Paradoxes from the individualization of human resource management: The case of telework [Book Review]
David Bourget (Western Ontario)
David Chalmers (ANU, NYU)
Rafael De Clercq
Ezio Di Nucci
Jack Alan Reynolds
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Journal of Business Ethics 62 (1):13 - 24 (2005)
In the context of change to the “new modernity” described in Beck’s work, companies develop management modes and methods that focus more and more on individuals. Constitutive of the individualization process, human resources practices have become ambivalent as the process itself. This contribution examines how a managerial and organizational innovation as telework contributes to the process of individualization, and the paradoxes it addresses to management. At the interface of the social and the technical, teleworking appears as a flexible arrangement, meeting employees’ and employer’s demands – which is a characteristic of the process of individualization – by simultaneously fragmenting collectivity, exposing individuals to social risk, and producing exclusion. The authors focus on two consecutive paradoxes of such individualized managerial practices: the individual–collective dilemma and the autonomy–control paradox. Finally, the paper reveals HRM as a new institution of individualization in a world where regulation functions are more and more transferred to individuals themselves.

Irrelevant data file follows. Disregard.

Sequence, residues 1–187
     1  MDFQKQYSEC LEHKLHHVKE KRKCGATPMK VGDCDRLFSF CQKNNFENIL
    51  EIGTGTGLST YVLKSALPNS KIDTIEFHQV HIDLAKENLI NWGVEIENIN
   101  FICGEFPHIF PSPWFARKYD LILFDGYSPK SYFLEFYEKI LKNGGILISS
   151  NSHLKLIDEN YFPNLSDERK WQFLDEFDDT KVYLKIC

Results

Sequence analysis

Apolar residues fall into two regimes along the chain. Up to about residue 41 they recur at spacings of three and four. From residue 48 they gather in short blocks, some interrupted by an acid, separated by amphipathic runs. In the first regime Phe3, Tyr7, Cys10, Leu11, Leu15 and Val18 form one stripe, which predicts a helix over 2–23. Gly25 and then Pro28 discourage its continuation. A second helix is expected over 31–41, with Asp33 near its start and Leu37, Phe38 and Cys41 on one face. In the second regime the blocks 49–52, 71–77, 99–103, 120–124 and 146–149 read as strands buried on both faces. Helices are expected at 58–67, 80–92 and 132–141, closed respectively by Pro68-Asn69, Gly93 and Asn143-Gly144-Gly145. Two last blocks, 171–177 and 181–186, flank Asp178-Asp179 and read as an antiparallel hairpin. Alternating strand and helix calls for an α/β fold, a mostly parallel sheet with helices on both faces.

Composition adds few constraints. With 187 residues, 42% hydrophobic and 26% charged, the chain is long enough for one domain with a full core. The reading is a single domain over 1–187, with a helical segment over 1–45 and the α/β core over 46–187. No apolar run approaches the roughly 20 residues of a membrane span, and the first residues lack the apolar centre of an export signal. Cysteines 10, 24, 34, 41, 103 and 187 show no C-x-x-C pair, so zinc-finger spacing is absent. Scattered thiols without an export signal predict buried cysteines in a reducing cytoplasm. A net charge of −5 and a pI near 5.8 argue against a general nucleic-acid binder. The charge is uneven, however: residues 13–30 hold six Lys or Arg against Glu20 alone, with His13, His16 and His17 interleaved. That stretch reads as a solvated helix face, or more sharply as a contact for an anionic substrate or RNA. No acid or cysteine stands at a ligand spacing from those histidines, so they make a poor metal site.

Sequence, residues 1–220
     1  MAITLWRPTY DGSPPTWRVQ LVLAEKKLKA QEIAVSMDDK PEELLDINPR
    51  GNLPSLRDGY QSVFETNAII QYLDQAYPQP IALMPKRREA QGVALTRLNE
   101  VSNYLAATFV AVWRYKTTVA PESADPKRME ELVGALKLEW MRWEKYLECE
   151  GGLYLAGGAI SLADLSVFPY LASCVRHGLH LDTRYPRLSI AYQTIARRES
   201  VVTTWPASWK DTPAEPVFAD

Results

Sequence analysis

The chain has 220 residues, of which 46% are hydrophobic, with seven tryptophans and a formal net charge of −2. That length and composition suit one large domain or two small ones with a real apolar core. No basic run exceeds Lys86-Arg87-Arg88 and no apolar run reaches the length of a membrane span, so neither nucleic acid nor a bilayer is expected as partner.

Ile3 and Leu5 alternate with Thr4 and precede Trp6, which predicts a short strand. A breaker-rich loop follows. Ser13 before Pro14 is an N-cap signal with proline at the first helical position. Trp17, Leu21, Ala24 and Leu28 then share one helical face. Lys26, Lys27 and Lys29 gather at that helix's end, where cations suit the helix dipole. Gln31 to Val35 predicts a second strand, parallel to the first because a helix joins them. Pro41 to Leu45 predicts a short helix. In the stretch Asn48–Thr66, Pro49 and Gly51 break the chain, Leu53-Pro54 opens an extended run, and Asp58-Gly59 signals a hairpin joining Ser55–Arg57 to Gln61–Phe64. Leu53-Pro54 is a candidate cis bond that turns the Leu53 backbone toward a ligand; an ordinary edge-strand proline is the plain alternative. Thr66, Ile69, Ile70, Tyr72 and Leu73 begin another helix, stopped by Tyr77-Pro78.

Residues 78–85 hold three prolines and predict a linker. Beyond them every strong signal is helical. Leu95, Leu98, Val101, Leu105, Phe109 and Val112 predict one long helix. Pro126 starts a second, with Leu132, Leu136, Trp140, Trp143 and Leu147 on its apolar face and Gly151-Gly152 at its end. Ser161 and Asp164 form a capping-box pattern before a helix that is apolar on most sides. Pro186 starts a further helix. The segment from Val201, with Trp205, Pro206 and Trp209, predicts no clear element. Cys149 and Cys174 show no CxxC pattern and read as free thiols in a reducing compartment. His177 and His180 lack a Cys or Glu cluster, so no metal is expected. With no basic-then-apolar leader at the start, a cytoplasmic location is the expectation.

|Keywords||flexibility human resource management ICT individualization organization telework work|
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References found in this work BETA
Anthony Giddens (1990). The Consequences of Modernity. Monograph Collection (Matt - Pseudo).
Citations of this work BETA
Lonnie Golden (2009). A Brief History of Long Work Time and the Contemporary Sources of Overwork. Journal of Business Ethics 84 (2):217 - 227.
Joe O'Mahoney (2011). Advisory Anxieties: Ethical Individualisation in the UK Consulting Industry. [REVIEW] Journal of Business Ethics 104 (1):101-113.
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